How odd that Jesus would come to the well at that hour. There were no relations between Jews and Samaritans. Jesus and his disciples could have easily chosen the normal route from Jerusalem to the Galilee along the River Jordan, but for some unexpected reason, Jesus journeyed on the road less travelled through Samaria and met this woman at the well. She was merely going through her daily routine seeking the water she needed to move on from day to day. As for Jesus, he was preparing his announcement that would turn the world upside down. And he would share it first with a woman, and more shocking than that- a Samaritan woman. Yes, he was preparing to announce that he was the Messiah for all nations- for Jews and Samaritans alike.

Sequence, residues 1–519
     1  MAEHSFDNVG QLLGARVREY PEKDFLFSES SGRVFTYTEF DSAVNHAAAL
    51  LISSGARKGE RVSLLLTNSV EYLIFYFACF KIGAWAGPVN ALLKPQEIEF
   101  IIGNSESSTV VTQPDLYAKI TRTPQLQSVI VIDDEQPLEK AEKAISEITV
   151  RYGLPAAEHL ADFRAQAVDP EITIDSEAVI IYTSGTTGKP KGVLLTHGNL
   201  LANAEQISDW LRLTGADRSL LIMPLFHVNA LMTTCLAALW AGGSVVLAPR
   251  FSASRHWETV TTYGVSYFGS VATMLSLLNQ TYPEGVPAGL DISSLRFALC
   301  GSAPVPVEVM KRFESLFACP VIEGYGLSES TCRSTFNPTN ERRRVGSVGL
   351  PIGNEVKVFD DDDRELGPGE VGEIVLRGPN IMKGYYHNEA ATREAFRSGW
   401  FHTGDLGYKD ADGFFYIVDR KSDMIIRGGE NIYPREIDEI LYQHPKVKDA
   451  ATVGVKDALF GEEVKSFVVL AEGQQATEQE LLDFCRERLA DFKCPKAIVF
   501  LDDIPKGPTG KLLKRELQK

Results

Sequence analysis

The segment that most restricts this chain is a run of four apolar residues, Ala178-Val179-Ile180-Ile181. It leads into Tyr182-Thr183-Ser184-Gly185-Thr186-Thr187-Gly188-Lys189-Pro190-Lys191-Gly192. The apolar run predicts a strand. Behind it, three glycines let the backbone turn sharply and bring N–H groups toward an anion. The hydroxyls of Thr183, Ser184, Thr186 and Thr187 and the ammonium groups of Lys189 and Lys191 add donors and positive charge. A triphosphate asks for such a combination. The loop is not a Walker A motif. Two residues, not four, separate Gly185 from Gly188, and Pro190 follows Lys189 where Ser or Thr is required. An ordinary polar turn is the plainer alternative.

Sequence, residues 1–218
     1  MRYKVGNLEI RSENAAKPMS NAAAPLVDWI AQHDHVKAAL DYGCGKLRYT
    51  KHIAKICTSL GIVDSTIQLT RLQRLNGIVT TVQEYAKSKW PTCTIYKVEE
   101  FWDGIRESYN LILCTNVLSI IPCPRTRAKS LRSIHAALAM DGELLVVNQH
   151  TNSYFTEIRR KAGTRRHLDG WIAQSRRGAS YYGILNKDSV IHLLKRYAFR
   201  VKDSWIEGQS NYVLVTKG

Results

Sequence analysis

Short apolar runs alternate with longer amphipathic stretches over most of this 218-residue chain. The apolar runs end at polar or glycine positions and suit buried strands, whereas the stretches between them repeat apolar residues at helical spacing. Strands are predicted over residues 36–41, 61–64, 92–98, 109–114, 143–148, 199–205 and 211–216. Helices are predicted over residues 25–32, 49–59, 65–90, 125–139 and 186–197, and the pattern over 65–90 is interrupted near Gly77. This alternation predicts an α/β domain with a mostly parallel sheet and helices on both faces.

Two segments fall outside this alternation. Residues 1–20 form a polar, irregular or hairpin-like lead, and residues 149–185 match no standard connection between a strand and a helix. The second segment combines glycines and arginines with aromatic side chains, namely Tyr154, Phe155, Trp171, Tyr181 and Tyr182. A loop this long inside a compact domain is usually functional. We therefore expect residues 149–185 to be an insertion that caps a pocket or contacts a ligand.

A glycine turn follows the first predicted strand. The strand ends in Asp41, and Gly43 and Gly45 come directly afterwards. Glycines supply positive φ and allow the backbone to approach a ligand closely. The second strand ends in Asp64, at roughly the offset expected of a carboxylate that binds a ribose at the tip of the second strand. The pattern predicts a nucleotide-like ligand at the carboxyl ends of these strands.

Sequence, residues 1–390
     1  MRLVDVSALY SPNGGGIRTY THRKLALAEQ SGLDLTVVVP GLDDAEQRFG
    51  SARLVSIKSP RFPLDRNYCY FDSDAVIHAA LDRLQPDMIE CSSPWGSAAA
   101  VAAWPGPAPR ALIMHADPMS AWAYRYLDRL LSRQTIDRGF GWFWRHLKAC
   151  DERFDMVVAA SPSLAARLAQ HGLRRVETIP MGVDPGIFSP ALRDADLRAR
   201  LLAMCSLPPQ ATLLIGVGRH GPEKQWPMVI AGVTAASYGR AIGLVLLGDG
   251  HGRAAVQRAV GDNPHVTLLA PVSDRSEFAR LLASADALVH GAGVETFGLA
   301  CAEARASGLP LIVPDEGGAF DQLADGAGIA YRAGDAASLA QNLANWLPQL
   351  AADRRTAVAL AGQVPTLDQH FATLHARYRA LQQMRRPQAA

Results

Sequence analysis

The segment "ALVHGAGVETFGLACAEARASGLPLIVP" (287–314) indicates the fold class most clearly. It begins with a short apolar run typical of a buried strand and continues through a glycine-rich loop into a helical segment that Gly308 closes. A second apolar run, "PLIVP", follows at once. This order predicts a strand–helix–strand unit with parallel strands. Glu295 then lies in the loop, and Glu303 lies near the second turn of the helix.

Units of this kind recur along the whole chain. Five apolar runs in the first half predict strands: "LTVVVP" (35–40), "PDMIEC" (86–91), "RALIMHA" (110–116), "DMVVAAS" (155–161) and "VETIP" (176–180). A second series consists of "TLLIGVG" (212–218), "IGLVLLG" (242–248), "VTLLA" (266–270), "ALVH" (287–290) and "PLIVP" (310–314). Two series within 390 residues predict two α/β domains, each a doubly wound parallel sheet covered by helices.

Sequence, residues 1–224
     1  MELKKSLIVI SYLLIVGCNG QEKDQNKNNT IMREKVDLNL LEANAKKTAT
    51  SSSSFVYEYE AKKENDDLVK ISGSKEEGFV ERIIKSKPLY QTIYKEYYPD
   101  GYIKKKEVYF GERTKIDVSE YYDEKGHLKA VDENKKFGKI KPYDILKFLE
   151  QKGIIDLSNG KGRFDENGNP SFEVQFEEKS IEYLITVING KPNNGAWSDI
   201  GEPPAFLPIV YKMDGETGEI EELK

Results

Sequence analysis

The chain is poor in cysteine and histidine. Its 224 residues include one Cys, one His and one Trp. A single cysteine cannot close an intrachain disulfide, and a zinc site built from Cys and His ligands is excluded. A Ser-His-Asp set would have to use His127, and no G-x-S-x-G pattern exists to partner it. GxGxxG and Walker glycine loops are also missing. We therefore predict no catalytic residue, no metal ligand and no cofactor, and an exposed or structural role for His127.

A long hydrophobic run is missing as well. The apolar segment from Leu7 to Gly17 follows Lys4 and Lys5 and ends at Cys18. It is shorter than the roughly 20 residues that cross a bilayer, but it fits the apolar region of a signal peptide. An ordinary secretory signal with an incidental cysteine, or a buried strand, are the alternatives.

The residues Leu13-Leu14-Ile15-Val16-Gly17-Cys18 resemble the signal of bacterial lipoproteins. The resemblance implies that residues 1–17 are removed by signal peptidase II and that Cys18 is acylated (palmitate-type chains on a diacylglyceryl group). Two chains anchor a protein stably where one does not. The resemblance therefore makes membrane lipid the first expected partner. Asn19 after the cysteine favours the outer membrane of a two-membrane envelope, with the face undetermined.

The two spoke in riddles, as they gazed together into the watery reflections of Jacob’s well. They gazed at their images side by side on the water’s surface. Jesus told her her life story, and she listened to his compassionate voice, and then trusting that he was a prophet, she asked him the one question which separated the Jews from the Samaritans. “Where is the proper place of worship? You worship in Jerusalem and we worship on Mount Gerazim.” Jesus then spoke of a coming age where there would be no temple in Jerusalem or on Mount Gerazim and that all would worship the Father in Spirit and Truth. Nodding in agreement, the woman said to him, “I know that Messiah is coming, and when he comes, he will proclaim all things to us.” To her surprise and to ours, Jesus said to her, “I am he, the one who is speaking to you.”